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Feb 3, 2010

USDA - Less Than 1% of U.S. Farms Are Organic

On 3 February 2010 the U.S. Department of Agriculture (USDA) announced the results of the 2008 Organic Production Survey, first survey undertaken by the department;s National Agricultural Statistics Service.  The survey was done in response to the growing interest in organic produce

"The survey counted 14,540 U.S. farms and ranches that were either USDA certified organic or were exempt from certification because their sales totaled less than $5,000. These operations comprised 4.1 million acres of land, of which 1.6 million acres were harvested cropland and 1.8 million acres were pasture or rangeland."

The survey concluded:
  • fewer than 1% of all U.S. farms are organic
  • organic farms generated $3.16 billion in sales in 2008
  • there were organic farms or ranches in all 50 states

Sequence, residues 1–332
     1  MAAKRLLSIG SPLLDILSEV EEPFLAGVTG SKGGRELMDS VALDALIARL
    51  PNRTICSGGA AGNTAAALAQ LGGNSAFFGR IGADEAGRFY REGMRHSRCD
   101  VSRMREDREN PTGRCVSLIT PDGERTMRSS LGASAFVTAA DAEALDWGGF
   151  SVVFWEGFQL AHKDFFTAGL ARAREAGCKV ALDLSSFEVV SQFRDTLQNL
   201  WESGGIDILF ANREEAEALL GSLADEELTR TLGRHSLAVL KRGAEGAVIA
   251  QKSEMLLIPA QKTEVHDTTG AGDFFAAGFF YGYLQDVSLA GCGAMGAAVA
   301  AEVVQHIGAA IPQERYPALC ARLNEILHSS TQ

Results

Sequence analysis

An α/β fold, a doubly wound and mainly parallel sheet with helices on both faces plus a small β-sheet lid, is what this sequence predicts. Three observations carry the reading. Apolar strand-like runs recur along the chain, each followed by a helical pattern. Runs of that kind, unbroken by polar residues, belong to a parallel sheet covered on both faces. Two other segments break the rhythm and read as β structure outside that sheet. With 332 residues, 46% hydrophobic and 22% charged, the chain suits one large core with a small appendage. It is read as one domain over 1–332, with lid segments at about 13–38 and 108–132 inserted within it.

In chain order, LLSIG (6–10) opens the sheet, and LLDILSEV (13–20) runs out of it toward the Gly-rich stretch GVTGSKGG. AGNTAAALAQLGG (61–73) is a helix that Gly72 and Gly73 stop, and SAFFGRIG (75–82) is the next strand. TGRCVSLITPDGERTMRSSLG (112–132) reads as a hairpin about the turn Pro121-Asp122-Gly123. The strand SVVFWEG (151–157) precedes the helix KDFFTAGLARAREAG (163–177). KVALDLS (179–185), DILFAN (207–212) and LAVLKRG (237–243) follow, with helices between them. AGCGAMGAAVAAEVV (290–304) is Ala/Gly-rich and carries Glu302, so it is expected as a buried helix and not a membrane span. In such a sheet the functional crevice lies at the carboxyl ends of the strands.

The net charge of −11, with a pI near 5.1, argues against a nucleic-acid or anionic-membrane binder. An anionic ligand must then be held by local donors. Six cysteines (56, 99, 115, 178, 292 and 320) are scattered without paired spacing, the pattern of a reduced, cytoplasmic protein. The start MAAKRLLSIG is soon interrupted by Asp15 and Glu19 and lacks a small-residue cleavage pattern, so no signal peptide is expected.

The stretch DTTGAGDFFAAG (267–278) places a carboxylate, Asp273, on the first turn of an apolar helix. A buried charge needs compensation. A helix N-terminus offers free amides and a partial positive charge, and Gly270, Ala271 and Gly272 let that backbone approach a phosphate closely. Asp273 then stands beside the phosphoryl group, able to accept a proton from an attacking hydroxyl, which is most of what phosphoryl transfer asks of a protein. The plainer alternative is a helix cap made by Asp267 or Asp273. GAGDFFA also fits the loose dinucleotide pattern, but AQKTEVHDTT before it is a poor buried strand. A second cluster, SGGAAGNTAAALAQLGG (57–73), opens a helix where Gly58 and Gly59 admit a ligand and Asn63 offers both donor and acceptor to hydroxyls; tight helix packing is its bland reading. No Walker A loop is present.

• 20 % of all organic operations were in California
  • California also led the nation in organic sales, with $1.15 billion – or 36 percent of all U.S. sales
  • organic farms had average sales and production expenses that were higher than those of U.S. farms overall. Organic operations had an average of $217,675 in sales, compared with $134,807 for all farms as reported in the 2007 Census of Agriculture.
  • most U.S. organic producers sold their products locally, with 44 percent of sales taking place less than 100 miles from the farm. Nearly 83 percent of organic sales were to wholesale channels, including processors, millers and packers. Just over 10 percent of sales were direct to retail operations, including supermarkets. Only 7 percent of sales were direct to consumers, via farm stands, farmers’ markets, community supported agriculture and other arrangements.

"New USDA Data Offers In-Depth Look at Organic Farming," U.S. Department of Agriculture, Press Release, 3 February 2010.

About Margaret

CEO and Curator (The Food Museum) | Managing Director and Chief Editor (GR2 Global LLC) | Educator (UCLA PhD) | Researching and writing on global food issues, nutrition and health, sustainability, history (preservation), conservation (natural resources), and design.
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